* One-third of all volunteering in America is for religious organizations. Perhaps more impressively, “regular churchgoers are also much more likely to volunteer for secular causes.” …Churchgoers give more, as well. The most religious 20 percent of Americans “is more than four times as generous as his or her counterpart in the least religious fifth,” and that generosity spills over into secular charities, as well.
* But when we talk about the wealthy—with their big homes and fancy TVs and espresso machines—buying their way out of civil society, we run the risk of misstating things. The fact is, the affluent are less socially isolated than the working class. College-educated and higher-income families increasingly live among other college-educated and high-income families, and these suburbs just have more civic engagement. Their PTAs are overflowing with involved mothers and fathers. The local libraries have more events and better attendance. And again, despite the reputation of the decadent godless elite, the pews are more crowded at the churches in wealthier parishes and towns.
* Hyper-individualism doesn’t work as a way of life. Man is a political animal and is meant for society. He needs durable bonds to others, such as those formed in institutions like a parish, a sports club, or a school community. Families need these bonds to other families as well, regardless of what Pa in Little House on the Prairie seemed to think at times.
* This is the analogy of the Industrial Revolution’s vicious circle between Big Business and Big Labor: The less trust in humanity there is, the more rules crop up. And the more rules, the less people treat one another like humans, and so on. Centralization of the state weakens the ties between individuals, leaving individuals more isolated, and that isolation yields more centralization.
* Diversity makes trust and social capital harder to come by, social capital expert Robert Putnam found. In the short term, at least, “immigration and ethnic diversity tend to reduce social solidarity and social capital.” In high-immigrant and high-diversity areas, “[t]rust (even of one’s own race) is lower, altruism and community cooperation rarer, friends fewer.” That parenthetical information is key. Diversity doesn’t cause balkanization and clustering—that would imply that like would cling closer to like and shun the other. What Putnam found, after thirty thousand interviews, was that in more diverse places, everyone is more likely to distrust everyone else. “Diversity seems to trigger not in-group/out-group division, but anomie or social isolation. In colloquial language, people living in ethnically diverse settings appear to ‘hunker down’—that is, to pull in like a turtle.”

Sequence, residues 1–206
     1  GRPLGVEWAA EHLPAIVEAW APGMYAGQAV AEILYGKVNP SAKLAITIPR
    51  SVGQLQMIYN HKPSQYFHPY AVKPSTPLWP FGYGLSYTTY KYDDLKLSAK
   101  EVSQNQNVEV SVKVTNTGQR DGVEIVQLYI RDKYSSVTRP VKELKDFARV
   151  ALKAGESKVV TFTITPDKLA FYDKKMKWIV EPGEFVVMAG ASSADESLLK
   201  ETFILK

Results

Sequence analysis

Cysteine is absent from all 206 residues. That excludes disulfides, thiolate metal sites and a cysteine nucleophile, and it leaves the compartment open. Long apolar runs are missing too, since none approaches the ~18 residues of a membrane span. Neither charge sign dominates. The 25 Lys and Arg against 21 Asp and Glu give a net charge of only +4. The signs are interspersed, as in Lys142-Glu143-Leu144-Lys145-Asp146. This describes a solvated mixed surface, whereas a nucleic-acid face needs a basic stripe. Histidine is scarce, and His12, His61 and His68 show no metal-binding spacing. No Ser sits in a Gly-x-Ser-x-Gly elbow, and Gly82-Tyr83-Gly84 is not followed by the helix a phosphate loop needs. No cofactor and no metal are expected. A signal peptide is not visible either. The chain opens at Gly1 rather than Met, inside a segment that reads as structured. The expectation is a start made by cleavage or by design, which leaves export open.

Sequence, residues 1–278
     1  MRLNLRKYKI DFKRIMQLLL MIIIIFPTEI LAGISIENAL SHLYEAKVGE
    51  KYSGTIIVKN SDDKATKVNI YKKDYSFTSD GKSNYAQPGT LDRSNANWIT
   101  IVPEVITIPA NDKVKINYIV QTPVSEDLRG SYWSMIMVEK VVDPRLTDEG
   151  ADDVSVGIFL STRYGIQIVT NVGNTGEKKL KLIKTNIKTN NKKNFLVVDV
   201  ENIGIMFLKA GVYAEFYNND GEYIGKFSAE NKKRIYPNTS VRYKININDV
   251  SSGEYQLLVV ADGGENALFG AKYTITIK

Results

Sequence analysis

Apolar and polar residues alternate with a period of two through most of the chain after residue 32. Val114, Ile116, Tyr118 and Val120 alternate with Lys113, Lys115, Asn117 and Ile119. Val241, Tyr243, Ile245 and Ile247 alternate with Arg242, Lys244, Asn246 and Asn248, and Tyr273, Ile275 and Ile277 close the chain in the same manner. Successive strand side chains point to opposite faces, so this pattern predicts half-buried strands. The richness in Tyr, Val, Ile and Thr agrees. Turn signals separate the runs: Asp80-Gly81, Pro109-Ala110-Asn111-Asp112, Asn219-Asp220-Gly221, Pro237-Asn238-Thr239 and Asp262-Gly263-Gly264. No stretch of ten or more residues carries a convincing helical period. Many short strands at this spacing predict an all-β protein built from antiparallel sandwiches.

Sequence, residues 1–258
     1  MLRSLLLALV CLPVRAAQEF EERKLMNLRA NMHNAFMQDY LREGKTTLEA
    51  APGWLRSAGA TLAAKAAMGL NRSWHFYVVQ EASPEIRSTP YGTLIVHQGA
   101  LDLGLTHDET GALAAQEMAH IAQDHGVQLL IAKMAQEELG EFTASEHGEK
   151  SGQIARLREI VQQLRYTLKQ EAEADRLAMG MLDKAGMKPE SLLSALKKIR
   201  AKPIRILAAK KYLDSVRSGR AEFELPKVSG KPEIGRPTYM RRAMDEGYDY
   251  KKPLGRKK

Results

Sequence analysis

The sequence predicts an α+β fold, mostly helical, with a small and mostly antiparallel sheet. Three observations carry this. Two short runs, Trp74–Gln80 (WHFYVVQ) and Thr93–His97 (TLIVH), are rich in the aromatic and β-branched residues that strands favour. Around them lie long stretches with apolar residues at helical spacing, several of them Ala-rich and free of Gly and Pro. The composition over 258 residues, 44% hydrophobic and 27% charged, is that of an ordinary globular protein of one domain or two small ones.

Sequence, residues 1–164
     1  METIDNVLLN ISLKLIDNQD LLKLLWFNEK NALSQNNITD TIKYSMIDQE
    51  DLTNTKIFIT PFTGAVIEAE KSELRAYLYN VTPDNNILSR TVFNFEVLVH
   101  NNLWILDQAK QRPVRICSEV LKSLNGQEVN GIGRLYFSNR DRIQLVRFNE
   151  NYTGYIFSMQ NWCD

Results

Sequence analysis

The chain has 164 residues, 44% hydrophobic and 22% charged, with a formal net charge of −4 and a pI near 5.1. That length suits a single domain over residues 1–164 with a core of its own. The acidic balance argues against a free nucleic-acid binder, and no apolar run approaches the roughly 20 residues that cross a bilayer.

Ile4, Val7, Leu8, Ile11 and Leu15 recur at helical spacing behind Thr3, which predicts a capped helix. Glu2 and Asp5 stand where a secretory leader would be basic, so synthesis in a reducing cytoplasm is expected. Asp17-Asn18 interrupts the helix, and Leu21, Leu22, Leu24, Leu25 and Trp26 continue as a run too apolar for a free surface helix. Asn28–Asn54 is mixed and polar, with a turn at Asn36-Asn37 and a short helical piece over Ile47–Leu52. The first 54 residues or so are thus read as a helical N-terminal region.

* Most millennials who had children by 2016 had children out of wedlock. The rate was 55 percent according to a 2017 paper by Wendy Wang and Brad Wilcox. Some millennial mothers later married the father of their children, while others didn’t. Wang and Wilcox found that the sequence mattered.
* Some liberal critics object that the “success sequence” is a lie and that poverty is really about just one of those steps: people with full-time jobs avoid poverty.But all the steps matter—16 percent of those who (a) graduate from high school and (b) have a full-time job are nevertheless in poverty. If you focus instead on those who followed the entire sequence—(a) graduate and (b) have a full-time job, (c) get married, and then (d) have babies—the poverty rate drops down to 3 percent.
* Marriage is more common among the elites, and the gap is growing. College-educated men are half as likely to get divorced as those who never went to college. In general, elites hew more to conservative lifestyles. Obviously, there are exceptions, but the median number of sexual partners for a college-educated American male born in the 1980s is four. The median for his non-college-educated peers is six.
* One study in Chicago found a depressing fact: Schools with the fewest low-income students score the highest on average. As the percentage of low-income students goes up, the test scores go down. The pattern holds true at every income level…
* But what if what the working class—white, black, Hispanic, etc.—needs most isn’t a check from the government but inclusion in community? And what if the most accessible form of community—the church—is under constant assault by both culture and the government? And finally, what if the elites frowning upon the deplorable poor won’t include them in their community, citing their deplorability?
* According to our analysis of the American Time Use Survey, spending two or more hours devoted to religious activity on a given Sunday had a stronger effect on life satisfaction than did making more than $75,000 per year.
* Recall Robert Putnam’s findings that diversity seems to undermine social cohesion. The strong communities we’ve discussed in this book all are fairly homogeneous in one way or another. Oostburg is Dutch American Christians. Kemp Mill is Orthodox Jewish. Chevy Chase is almost all white, college educated, and wealthy. Salt Lake City is mostly white and Mormon. You can find tight-knit black communities all over America, often built around Protestant churches. Same with Hispanic communities, and Polish or Russian neighborhoods.
This originally appeared at Brass Pills.